God's Story, Our Story: The Greatest Commandment
Preaching: Brian Keepers
Text: Mark 12:28-44
It was a sincere question. It wasn’t intended to test Jesus or pigeon hole him. Not like the questions of the Sadducees, the group of Jewish aristocrats who ran the Temple, who were debating with Jesus and trying to entrap him. The scribe we meet in today’s story isn’t being crafty or disingenuous. He has a burning question for Jesus and he really wants to know what Jesus thinks.
Here’s his question: “Which commandment is the first of all?” In other words, of the 613 commandments in the Law of Moses, which one is the greatest—which one supersedes them all?
The first part of Jesus’ answer is no surprise. In fact, it is the answer that most devout Jews would have agreed with. Jesus summarizes the shema, the central confession of the Jewish faith. We find it in full in Deuteronomy 6:4-9:
Hear (shema), O Israel: The Lord our God, the Lord is one. Love the LORD your God with all your heart and with all your soul and with all your strength. These commandments that I give you today are to be upon your hearts. Impress them on your children. Talk about them when you sit at home and when you walk along the road, when you lie down and when you get up. Tie them as symbols on your hands and bind them on your foreheads. Write them on the doorframes of your houses and your gates.
So important and foundational was the shema that it was (and still is) the very first prayer that a Jewish child was taught to pray. The shema gave shape to the way one was called to live all of life. To love God with your entire being—everything you have, everything you are. To make the one true God and his will the very center of your whole life.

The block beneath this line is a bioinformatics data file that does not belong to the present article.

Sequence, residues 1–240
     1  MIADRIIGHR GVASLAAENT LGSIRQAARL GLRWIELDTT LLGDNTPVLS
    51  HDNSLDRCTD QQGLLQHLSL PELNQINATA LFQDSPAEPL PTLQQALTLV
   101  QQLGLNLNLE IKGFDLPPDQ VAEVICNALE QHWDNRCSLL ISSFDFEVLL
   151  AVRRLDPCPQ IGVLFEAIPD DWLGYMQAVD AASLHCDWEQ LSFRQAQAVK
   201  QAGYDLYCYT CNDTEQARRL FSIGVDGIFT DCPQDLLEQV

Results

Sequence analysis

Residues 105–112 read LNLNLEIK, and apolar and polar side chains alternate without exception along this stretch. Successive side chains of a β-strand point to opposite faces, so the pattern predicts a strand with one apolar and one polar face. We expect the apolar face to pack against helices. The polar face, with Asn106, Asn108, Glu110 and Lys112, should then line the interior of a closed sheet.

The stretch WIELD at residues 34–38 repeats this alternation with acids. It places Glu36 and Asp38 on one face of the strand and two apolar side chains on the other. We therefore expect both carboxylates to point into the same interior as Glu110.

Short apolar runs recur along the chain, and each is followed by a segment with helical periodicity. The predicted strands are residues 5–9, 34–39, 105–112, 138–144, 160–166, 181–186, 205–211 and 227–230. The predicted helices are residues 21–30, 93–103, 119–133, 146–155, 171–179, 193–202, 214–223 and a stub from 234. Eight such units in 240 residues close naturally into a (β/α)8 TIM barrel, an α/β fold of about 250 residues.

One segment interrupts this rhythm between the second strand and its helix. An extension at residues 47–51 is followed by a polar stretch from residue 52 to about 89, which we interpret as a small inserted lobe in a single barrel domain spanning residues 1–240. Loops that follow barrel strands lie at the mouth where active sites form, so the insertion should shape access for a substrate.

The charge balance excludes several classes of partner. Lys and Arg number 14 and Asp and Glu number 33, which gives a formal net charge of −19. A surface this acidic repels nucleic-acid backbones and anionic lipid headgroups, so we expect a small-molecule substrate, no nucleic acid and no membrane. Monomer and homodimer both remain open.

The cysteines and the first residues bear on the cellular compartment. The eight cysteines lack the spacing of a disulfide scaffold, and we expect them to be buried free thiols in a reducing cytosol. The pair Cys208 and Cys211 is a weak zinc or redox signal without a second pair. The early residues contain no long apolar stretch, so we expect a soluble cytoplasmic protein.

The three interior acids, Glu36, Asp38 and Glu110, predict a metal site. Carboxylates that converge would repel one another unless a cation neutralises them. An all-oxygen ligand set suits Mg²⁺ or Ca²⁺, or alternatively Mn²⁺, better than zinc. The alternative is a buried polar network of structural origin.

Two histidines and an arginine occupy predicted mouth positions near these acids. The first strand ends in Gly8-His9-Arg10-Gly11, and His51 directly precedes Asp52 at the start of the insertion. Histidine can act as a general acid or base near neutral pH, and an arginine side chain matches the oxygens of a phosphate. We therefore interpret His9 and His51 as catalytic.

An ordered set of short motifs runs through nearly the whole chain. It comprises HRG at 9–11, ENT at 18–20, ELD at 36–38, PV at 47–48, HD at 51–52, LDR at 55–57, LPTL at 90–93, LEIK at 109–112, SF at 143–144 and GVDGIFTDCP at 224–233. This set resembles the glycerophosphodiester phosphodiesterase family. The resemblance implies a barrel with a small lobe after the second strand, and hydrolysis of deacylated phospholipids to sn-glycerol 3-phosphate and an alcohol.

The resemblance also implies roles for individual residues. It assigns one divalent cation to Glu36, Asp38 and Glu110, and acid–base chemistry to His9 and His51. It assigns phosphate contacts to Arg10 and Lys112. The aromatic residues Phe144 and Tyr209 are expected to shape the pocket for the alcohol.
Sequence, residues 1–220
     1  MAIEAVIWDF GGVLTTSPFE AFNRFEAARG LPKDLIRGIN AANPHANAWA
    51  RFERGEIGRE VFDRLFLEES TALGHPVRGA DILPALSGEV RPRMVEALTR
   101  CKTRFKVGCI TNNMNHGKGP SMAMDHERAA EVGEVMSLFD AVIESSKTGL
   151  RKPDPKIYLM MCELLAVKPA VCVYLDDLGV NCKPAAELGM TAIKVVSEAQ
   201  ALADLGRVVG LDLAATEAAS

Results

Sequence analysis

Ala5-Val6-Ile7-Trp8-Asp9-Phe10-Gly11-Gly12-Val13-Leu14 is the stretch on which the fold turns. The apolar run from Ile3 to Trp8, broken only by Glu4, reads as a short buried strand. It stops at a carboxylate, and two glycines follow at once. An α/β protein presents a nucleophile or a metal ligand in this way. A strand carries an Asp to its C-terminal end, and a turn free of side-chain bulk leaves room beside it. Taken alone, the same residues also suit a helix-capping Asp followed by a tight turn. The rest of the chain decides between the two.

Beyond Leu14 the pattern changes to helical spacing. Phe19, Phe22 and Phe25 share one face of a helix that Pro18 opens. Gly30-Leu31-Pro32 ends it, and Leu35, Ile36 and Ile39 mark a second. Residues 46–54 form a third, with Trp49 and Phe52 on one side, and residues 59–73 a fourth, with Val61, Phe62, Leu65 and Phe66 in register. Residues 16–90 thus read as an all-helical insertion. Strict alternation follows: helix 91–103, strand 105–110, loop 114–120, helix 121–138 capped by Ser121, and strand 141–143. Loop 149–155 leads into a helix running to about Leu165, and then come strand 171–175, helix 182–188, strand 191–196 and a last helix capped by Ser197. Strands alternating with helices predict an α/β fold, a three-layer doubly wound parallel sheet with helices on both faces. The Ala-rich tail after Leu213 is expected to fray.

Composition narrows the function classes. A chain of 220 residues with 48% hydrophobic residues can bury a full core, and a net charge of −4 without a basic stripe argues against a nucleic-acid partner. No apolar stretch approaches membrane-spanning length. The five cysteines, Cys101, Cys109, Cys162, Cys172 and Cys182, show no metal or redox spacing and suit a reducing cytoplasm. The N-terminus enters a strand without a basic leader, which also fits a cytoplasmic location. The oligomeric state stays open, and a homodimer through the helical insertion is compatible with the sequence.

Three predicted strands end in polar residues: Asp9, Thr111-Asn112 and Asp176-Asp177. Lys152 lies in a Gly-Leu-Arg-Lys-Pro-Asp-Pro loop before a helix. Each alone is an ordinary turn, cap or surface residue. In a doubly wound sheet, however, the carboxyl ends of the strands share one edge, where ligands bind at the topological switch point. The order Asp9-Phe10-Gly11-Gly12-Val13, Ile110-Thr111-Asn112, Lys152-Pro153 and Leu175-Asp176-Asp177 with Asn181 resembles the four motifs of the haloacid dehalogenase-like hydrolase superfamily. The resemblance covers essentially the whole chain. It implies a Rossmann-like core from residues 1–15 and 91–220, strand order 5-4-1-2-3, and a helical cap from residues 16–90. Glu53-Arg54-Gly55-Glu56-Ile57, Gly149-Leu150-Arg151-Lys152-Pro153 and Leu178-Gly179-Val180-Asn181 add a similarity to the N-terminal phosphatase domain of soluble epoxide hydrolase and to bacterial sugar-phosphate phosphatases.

Jesus gave a good answer; the right answer. But then he does something that is surprising. He adds more: “And a second is this: ‘You shall love your neighbor as yourself.’ There is no other commandment greater than these.”
It’s not enough to love God with your whole being. You also must love your neighbor. It’s not the command to love one’s neighbor in and of itself that would have caught the scribe by surprise. Jesus is quoting Leviticus 19:18: “You shall not take vengeance or bear a grudge against any of your people, but you shall love your neighbor as yourself: I am the LORD.”
Loving your neighbor was one of those six-hundred plus commands. What’s so surprising is two things. First, that Jesus would add this command from Leviticus to the Shema, therefore elevating it to a place of supreme importance. Sure, loving your neighbor is important, but it’s not the most important commandment. But Jesus has the audacity (or the chutzpah) to add to this sacred, core confession.
Think of it like this. Imagine someone adding another line to the Apostle’s Creed or a couple more phrases to the Lord’s Prayer. Even if you wholeheartedly agreed to what was added, it just doesn’t seem right to add to these sacred words! You just don’t fuss with sacred creeds and prayers like these.